Yeah. Ditto.

Why do I even care, you may ask. If I like what I like and you like what you like, then let’s stop all this fighting (and may I just add with a petulant whine: “lit fic started it!”). But there’s more at stake, as I see it, than just a squabble over who deserves the good reviews and who deserves the cashola (tip: both kinds of authors want good reviews and cashola, preferably in large measure). The problem is that as long as we perpetuate this divide between worthy writing (lit fic) and other writing (genre fiction), then we aren’t getting a robust idea of what Australian literature really is.

An article published in 2006 in The Australian asks, what is “killing the great books” of Australia. It suggests that in 25 years “nobody will be reading novels” and cites alarming statistics for the “shrinking canon” of “Australian fiction.” How terrifying! You have to look really hard to find the asterisk and the subscript: “excludes genre fiction.” But fiction written in Australia by Australian writers and published by Australian publishers…. that’s Australian fiction, right? Right? Well, apparently not. And the choice of language is so telling: Australian literature has become far too “exclusive” and our understanding of its function and influence is therefore very incomplete. We discuss and analyse Australian literature to understand our culture better, to know what is unique about us. From this discussion and analysis we plan arts policy, decide how government and arts organisations should work together, settle on funding priorities, and review the ways that readers and books are brought together. And yet we are basing all these conclusions on only one small sliver of Australian literature: we continue to exclude the majority of books. It is such a blinkered approach. The defence, often trotted out, that genre books do well in the marketplace and so don’t need any kind of cultural or governmental attention is stunningly naive. Last time I looked, Kate Grenville was selling a lot more books than I do.

Moreover, we need to respect more fully the needs and opinions of readers. They are, after all, the chief reason that writers publish. Anyone can write for the sake of writing, but somebody who seeks publication seeks an audience. That audience is developed in many ways, and one of them is through the mainstream media. But in the literary pages of the mainstream media, again, we see a bias against genre writing. In 2003 Peter Carey’s lit fic My Life As A Fake and Lian Hearn’s fantasy novel Grass For His Pillow were published a month apart (August and September respectively). Both sold in the 30,000 to 40,000 hardcover sales category, a significant bestseller by Australian standards. Over the next nine months, the Australian media ran 70 headlines out of 367 articles about Carey; and only 7 headlines out of 49 articles about Hearn. The same year, Jane Goodall’s The Walker and Gabrielle Lord’s Lethal Factor (both crime novels) sold comparably to Janette Turner Hospital’s Due Preparations For The Plague (11000 to 12000 copies). In the eighteen months surrounding the books’ publications, Goodall garnered 17 mentions in the Australian media, Lord 19 and Turner Hospital 56. The example of romance fiction, a genre usually held in low esteem, offers no surprises. Belinda Alexandra’s White Gardenia attracted 2 headlines (one titled “Flower Power”), while Melanie La’Brooy’s Love Struck attracted 4. Alex Miller’s Journey To The Stone Country, which sold similar quantities in that year, attracted 29 headlines out of a total of 86 articles. Yes, okay Miller won the Miles Franklin that year, but it still shows that books of comparable commercial significance receive unequal attention from the Australian media based on genre. In real terms, these figures suggest that readers are going to have a much harder time finding articles about their favourite genre authors, than about their favourite lit fic authors. Number one: that’s not fair. Number two: is there a chance that the low regard for these books might actually make readers feel ashamed or stupid for reading them?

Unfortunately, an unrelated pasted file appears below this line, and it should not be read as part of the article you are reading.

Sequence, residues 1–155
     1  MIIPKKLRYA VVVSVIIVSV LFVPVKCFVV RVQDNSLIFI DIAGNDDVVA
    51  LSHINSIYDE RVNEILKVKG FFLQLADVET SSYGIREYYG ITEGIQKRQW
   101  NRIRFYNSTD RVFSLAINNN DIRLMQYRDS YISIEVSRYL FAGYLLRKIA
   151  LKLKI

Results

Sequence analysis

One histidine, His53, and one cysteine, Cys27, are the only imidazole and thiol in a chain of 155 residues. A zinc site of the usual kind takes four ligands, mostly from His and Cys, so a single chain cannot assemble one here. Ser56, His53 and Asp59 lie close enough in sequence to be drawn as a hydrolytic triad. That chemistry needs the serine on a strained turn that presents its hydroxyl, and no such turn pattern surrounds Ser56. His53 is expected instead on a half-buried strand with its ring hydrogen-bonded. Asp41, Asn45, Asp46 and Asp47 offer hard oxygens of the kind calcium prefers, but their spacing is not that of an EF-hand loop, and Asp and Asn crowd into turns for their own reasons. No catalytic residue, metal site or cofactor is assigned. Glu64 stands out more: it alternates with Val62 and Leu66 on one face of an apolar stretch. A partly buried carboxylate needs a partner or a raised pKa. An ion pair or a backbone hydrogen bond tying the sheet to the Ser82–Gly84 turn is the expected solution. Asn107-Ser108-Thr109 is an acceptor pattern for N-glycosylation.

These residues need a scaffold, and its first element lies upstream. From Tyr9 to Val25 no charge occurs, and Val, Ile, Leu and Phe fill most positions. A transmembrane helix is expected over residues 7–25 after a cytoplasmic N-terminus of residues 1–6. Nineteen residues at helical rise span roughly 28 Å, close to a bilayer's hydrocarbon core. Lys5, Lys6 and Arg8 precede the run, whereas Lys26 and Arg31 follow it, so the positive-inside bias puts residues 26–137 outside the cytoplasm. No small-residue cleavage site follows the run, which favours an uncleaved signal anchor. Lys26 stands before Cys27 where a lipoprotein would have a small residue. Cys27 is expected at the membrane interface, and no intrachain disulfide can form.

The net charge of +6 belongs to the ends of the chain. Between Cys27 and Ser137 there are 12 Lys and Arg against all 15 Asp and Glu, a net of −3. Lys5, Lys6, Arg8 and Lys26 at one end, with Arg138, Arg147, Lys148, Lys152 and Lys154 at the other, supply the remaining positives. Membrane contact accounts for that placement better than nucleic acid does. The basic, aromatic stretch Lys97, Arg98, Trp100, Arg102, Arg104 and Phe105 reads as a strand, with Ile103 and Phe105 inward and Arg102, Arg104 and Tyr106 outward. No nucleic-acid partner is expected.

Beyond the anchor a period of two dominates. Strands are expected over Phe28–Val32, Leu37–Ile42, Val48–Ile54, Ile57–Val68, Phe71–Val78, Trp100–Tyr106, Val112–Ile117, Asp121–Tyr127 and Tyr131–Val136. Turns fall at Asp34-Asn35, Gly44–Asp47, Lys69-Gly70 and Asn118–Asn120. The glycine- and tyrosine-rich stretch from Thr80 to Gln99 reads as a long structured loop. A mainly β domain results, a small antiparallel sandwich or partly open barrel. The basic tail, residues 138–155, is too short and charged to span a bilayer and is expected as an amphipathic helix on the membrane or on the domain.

The latter idea is one that particularly irks me, and feeds into one of my biggest issues with the way that lit fic is assumed to be our default mode of Australian writing: it’s plain undemocratic. I’m always amazed at how elitist lovers of lit fic can be about fiction, especially when so many of them seem lefter than Lenin in other ways. Dan Brown recently published a new novel, The Lost Symbol, six years after The Da Vinci Code. The new book was the very definition of “long-awaited”: both by readers and by snarky reviewers. It was entirely predictable, then, that shots would be fired the moment the book hit the stores. An article in UK publication The First Post, for example, warned readers not to be “tempted” to buy it as there are so many books by “better writers” out there. The article then goes on to suggest a number of alternatives. Some of them look good; some of them, I’m certain, Dan Brown readers will have already found (Stieg Larsson’s for example). But some of them belong to the School of Wha…? Imagine this exchange in a book store:

CUSTOMER: Excuse me, I am looking for the new Dan Brown novel.
SALES ASSISTANT: I’m sorry, but we’re fresh out. However, I do have many copies of Paradise Lost still in stock.
CUSTOMER: Wonderful. I will take a copy as I am sure they will provide a similar reading experience.